China keeps up anti-India rhetoric, news agency calls face-off near Sikkim reckless
Commentary in state-run news agency accuses India of violating international law, says New Delhi not serious about developing ties with BeijingUpdated: Jul 02, 2017, 17:28 IST
India acted recklessly by stopping China from carrying out construction activity on its own soil, Beijing’s official news agency Xinhua said on Sunday, accusing New Delhi of violating international law.
The commentary in Xinhua, owned and controlled by the Chinese government, is a reflection of the leadership’s position. Beijing has over the last week released photographs and maps to buttress its claim that Indian troops entered Donglang area — a region claimed by China and Bhutan — and violated its sovereignty.
“India has claimed that China’s activities caused a ‘serious security impact’ (for India), it is untenable. How can China affect others in their own territory? In fact, it is the Indian side that has ignored international law and has seriously interfered with China’s construction activities,” the piece said.
India’s ministry of external affairs rejected the Chinese accusations, calling the road construction at the strategic India-China-Bhutan tri-junction “deeply concerning” .
Trouble began early last month when Indian and Chinese troops came face-to-face over the road construction in Donglang, bordering the Indian state of Sikkim.
In retaliation, China stopped the Kailash Mansarovar pilgrimage from the Nathu La pass, and its troops reportedly destroyed a number of old Indian bunkers. Last week, the PLA also invoked the 1962 war — which India lost — prompting India’s defence minister Arun Jaitley to hit back by saying that “the situation in 1962 was different, the India of today is different.”
Xinhua said the recent developments defied recent attempts to better the relations between the two countries.
“At a higher level, the cross-border behavior (of India) is a further departure from the consensus reached between the leaders of the two countries on the development of China-India relations,” the commentary said.
“Since India has promised to “properly deal with the differences”, since India’s foreign ministry recently said it “cherishes peace and tranquillity in the India-China border region”, why is it (the Indian army) still allowed to cross the border? After the incident, why not acknowledge the error and reverse (the decision). This is clearly paradoxical.”
Xinhua cited the “Convention between Great Britain and China relating to Sikkim and Tibet” of 1890 to bolster its argument. China’s defence and foreign ministries too recently referred to the accord to point fingers at India.
“After India’s independence, the Indian government has repeatedly confirmed it in writing, acknowledging that the two sides have no objection to the direction of the Sikkim section. There is a lot of evidence, including images and it is an undeniable fact that the Indian government has violated the historic covenant and the commitment of successive Indian governments,” the Xinhua commentary argued.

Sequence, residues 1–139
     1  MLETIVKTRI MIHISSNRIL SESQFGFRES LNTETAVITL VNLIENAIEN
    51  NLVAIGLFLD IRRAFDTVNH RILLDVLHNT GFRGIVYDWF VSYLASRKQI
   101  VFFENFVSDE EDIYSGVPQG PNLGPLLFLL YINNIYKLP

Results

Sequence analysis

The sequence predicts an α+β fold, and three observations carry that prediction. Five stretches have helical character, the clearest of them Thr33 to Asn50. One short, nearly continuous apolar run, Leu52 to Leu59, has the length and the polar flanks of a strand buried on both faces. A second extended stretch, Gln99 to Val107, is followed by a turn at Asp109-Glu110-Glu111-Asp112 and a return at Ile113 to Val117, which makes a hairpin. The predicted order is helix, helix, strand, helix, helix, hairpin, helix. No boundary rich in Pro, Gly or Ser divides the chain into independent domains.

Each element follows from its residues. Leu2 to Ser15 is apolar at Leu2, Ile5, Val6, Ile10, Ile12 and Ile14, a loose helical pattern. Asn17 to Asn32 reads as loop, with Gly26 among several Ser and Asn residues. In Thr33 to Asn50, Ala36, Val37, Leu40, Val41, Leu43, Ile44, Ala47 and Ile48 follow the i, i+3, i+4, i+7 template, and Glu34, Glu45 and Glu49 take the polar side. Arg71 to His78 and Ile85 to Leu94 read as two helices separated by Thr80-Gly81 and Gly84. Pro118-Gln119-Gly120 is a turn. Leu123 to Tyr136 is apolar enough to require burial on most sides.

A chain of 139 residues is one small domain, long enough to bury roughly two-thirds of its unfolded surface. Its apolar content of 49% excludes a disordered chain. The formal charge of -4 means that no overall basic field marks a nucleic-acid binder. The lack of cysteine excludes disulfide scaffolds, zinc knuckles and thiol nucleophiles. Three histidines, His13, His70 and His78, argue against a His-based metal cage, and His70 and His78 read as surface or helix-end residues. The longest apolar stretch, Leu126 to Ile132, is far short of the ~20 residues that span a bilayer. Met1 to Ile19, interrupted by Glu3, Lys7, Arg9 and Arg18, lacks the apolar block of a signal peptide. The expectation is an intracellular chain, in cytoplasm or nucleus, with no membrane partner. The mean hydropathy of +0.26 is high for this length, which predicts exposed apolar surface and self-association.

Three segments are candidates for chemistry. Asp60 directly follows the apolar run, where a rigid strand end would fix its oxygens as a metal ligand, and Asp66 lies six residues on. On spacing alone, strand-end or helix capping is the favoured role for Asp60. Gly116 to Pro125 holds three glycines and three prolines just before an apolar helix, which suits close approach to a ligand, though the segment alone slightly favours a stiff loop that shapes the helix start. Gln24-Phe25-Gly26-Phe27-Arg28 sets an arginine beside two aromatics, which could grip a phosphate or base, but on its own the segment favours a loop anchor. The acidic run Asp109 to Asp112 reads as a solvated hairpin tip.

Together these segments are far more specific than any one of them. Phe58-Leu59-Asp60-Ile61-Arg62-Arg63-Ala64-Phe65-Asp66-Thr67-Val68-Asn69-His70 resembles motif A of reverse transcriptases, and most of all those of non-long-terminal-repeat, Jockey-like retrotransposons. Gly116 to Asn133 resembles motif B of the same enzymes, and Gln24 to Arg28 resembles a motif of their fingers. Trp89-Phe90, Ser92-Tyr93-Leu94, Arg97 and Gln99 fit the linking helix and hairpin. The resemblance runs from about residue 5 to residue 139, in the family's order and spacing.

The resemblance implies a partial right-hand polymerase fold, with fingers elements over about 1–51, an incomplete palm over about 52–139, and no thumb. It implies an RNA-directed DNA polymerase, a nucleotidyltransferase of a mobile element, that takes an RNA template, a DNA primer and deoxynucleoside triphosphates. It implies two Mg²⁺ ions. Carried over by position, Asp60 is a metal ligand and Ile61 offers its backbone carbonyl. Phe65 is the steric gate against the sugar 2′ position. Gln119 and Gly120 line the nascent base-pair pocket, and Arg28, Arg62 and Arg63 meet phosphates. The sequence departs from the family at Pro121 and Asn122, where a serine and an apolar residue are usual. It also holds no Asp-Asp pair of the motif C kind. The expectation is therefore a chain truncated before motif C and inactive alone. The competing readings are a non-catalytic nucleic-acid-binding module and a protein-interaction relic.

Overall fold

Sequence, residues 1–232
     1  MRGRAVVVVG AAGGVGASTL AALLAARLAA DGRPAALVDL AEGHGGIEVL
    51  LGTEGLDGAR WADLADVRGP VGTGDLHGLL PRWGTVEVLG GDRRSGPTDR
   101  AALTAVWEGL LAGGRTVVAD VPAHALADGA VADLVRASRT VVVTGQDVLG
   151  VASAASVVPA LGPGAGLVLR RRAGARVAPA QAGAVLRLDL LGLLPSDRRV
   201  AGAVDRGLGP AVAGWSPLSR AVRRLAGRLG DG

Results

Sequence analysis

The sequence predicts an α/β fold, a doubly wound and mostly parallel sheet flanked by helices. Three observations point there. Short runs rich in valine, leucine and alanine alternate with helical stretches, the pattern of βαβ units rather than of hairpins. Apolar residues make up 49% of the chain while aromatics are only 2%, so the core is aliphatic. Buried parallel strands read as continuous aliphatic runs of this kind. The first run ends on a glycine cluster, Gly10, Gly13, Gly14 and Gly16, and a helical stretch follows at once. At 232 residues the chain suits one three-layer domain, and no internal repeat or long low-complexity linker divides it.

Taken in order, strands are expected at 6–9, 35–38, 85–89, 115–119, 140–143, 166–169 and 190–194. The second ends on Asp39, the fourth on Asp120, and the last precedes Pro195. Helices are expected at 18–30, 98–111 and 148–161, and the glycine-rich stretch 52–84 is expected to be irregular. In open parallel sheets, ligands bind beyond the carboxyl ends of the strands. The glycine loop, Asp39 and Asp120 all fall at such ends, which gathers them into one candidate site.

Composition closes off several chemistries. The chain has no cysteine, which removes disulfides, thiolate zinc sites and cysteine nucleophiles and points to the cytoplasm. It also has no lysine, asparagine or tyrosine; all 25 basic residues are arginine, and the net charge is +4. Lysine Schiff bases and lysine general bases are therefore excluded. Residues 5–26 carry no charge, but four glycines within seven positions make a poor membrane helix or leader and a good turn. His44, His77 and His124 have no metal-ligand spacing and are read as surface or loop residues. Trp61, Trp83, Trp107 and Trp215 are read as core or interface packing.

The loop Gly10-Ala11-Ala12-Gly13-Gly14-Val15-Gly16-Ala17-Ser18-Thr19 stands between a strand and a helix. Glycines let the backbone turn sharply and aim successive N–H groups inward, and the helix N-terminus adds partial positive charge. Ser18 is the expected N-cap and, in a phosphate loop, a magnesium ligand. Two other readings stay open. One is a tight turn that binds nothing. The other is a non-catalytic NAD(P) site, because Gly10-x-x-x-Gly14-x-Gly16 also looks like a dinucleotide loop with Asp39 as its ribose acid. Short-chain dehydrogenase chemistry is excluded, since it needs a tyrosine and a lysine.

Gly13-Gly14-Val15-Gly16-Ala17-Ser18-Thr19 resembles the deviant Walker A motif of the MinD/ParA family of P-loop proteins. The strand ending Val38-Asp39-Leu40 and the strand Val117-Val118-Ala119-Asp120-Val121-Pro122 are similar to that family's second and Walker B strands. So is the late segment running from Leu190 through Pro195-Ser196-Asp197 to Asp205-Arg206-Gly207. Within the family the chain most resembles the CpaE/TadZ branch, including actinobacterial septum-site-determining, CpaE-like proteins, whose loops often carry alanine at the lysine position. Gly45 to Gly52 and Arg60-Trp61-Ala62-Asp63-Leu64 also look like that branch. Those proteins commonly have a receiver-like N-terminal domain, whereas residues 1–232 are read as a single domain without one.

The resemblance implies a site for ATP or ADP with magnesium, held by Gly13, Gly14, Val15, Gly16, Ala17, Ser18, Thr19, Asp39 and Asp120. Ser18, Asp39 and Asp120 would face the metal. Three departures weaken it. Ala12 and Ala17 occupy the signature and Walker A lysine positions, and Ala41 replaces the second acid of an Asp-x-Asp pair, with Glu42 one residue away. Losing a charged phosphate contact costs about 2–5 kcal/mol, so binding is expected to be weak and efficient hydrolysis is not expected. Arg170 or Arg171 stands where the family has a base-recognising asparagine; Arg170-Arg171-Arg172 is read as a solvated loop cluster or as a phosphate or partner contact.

The piece didn’t mention – as per the MEA statement – that India had “underlined that the two Governments had in 2012 reached agreement that the tri-junction boundary points between India, China and third countries will be finalised in consultation with the concerned countries. Any attempt, therefore, to unilaterally determine tri-junction points is in violation of this understanding.”
It essentially means that 1890 treaty is not set in stone and differing perceptions of the border in the region can only be aligned after more discussions.
“Misrepresentation of facts by China” is how India is looking at Beijing’s point on the 1890 treaty.
To China, of course, India’s position doesn’t work.
“In today’s world, win-win cooperation is the main theme, and ‘dancing with the dragon’ is the rational choice that meets the trend of the times,” it said.
In a separate commentary, Xinhua said India’s strategic vision was myopic because of a “rising China”.
“Concerns over a rising China have, to some extent, spiralled into a kind of “strategic anxiety” regarding the country among some Indian politicians. Their misleading, unfounded “China-phobia,” however, might lead to strategic myopia and hurt India’s own interests,” it said.
“Harbouring suspicion and apprehension toward China’s intention, India has recently decided to stay away from the China-proposed Belt and Road Initiative, citing sovereignty concerns as its main reason,” the commentary said.